A couple of weeks ago, I took a vacation. The week was initially supposed to be a sketch retreat with a friend, but we had to adjourn that plan. Still, I decided to take the week off and serendipitously, at the last moment my husband could take that week off too and we booked a trip to a place we’d never been: Santorini, Greece.
Time for art
This week could have been all about resting, reading, excursions, sightseeing and lots of good food. Which, of course, it was for a large part. But I told my husband on beforehand that this was supposed to be a sketch retreat for me, so I was going to take a lot of time with my sketchbook.
And I did. I reserved time to go on little sketch outings on my own, and also just pulled out my sketchbook whenever we sat down somewhere. My husband didn’t mind at all: he brought his book anywhere we went and was completely happy sitting next to me reading while I was in my own sketching world.
On those sketch outings by myself (I would take an hour or so), I made friends with some of the neighborhood dogs and chatted with some kids too, who looked over my shoulder to see what I was doing while practicing their English.
Here’s my favorite drawing I made during the week. One of my goals for the week was to loosen up and experiment. In this drawing below, it worked out really well, and I felt so lucky when a Greek lady appeared around the corner of this narrow alley and slowly walked towards me. The drawing wouldn’t have been the same without that figure in it.
I’ll share the rest of my drawings (and their stories) here on my blog soon.
Reserve time for your art
If I wouldn’t have planned dedicated sketching time, I may not even have made this drawing. I filled many pages in my sketchbook, capturing s many great memories while practicing my skills and exploring my tools. I’m so glad I did!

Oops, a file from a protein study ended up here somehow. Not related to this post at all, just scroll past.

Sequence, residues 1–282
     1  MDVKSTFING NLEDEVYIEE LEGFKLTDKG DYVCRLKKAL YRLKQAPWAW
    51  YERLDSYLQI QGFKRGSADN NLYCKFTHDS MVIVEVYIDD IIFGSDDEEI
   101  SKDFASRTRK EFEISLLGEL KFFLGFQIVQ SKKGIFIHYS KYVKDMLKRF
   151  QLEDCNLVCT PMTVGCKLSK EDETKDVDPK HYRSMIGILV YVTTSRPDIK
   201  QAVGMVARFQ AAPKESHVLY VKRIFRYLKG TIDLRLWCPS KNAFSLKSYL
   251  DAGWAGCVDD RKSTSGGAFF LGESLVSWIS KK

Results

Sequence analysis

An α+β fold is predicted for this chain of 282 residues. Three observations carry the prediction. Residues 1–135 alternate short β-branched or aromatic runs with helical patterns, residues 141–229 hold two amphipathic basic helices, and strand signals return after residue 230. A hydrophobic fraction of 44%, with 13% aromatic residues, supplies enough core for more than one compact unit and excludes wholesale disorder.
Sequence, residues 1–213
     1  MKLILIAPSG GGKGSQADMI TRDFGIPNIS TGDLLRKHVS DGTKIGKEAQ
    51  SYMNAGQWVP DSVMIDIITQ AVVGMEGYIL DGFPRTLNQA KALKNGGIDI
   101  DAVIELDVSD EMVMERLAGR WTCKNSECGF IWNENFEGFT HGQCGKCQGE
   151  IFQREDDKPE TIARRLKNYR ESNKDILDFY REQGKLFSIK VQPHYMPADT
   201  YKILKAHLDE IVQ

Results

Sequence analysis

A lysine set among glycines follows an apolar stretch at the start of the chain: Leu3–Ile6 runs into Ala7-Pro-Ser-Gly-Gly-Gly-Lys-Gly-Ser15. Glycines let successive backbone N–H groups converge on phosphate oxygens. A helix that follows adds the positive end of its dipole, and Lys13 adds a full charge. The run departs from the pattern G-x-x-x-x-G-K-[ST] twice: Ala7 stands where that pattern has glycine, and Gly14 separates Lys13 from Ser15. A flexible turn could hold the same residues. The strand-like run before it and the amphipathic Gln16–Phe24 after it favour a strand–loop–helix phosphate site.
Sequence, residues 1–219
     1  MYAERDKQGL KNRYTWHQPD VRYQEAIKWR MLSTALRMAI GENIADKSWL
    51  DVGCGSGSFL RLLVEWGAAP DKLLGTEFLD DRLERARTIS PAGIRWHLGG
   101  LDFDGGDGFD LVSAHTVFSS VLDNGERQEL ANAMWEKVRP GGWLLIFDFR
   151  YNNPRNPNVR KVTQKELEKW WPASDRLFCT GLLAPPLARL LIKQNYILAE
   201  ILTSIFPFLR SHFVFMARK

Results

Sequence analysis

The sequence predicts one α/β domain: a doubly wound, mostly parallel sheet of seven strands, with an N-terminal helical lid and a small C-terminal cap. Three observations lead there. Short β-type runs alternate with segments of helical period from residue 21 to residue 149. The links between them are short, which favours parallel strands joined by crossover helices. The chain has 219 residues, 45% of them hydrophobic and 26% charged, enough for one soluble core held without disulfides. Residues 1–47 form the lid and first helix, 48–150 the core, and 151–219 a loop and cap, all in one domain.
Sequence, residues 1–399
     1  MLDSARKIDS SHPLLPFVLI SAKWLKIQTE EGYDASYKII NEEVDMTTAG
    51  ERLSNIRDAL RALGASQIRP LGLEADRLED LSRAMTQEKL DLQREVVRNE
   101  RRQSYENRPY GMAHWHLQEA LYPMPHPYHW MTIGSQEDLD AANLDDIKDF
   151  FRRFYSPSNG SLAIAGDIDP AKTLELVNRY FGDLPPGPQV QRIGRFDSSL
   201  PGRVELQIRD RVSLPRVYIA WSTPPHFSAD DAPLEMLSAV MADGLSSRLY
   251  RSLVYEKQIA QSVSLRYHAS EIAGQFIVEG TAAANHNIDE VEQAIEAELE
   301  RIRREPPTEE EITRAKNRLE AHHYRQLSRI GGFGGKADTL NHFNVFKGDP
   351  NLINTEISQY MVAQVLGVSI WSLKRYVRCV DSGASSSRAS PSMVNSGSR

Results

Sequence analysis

Often we tend to feel guilty or feel anti-social when we’re drawing.
Whether you’re on vacation or at home: make sure to reserve time for your art.
Take it seriously, tell others about your intentions, so they will take you seriously, and they understand it’s important to you.
That way you make it easier for yourself to push back any chores or other seemingly urgent matters that need your attention too. Too often at the end of the day we checked off many items on our list, but never took the time to draw, or make art. ‘I’ll take time for it tomorrow’, we tell ourselves. And then the next day, we discover that we ran out of time again.
So let’s set this rule: Art goes first. After that, you’ll feel more energized to start doing the other stuff on your list.
Before you leave
Just one more thing. In case you didn’t know: I regularly send out an email newsletter, and you can subscribe! Steven, who follows me through my newsletter, once sent me an email saying he appreciates the ‘art vitamins supplements’ that I send by email. I like his analogy a lot, and if you’d like me to send you an art vitamin boost every now and then, please sign up here
Hi I'm Koosje. I'm an illustrator and art teacher in Amsterdam, where I was born and raised. I went to school to study graphic design, then worked for ten years as an award-winning professional photographer. But eventually my love of drawing and painting took over and I became an illustrator. My illustrations have been published in many Dutch magazines and in 2011, I began blogging and started developing and teaching online art classes. In 2014 I founded Sketchbook Skool, which is a flourishing community of artists from around the world of all skill levels. View all posts by Koosje Koene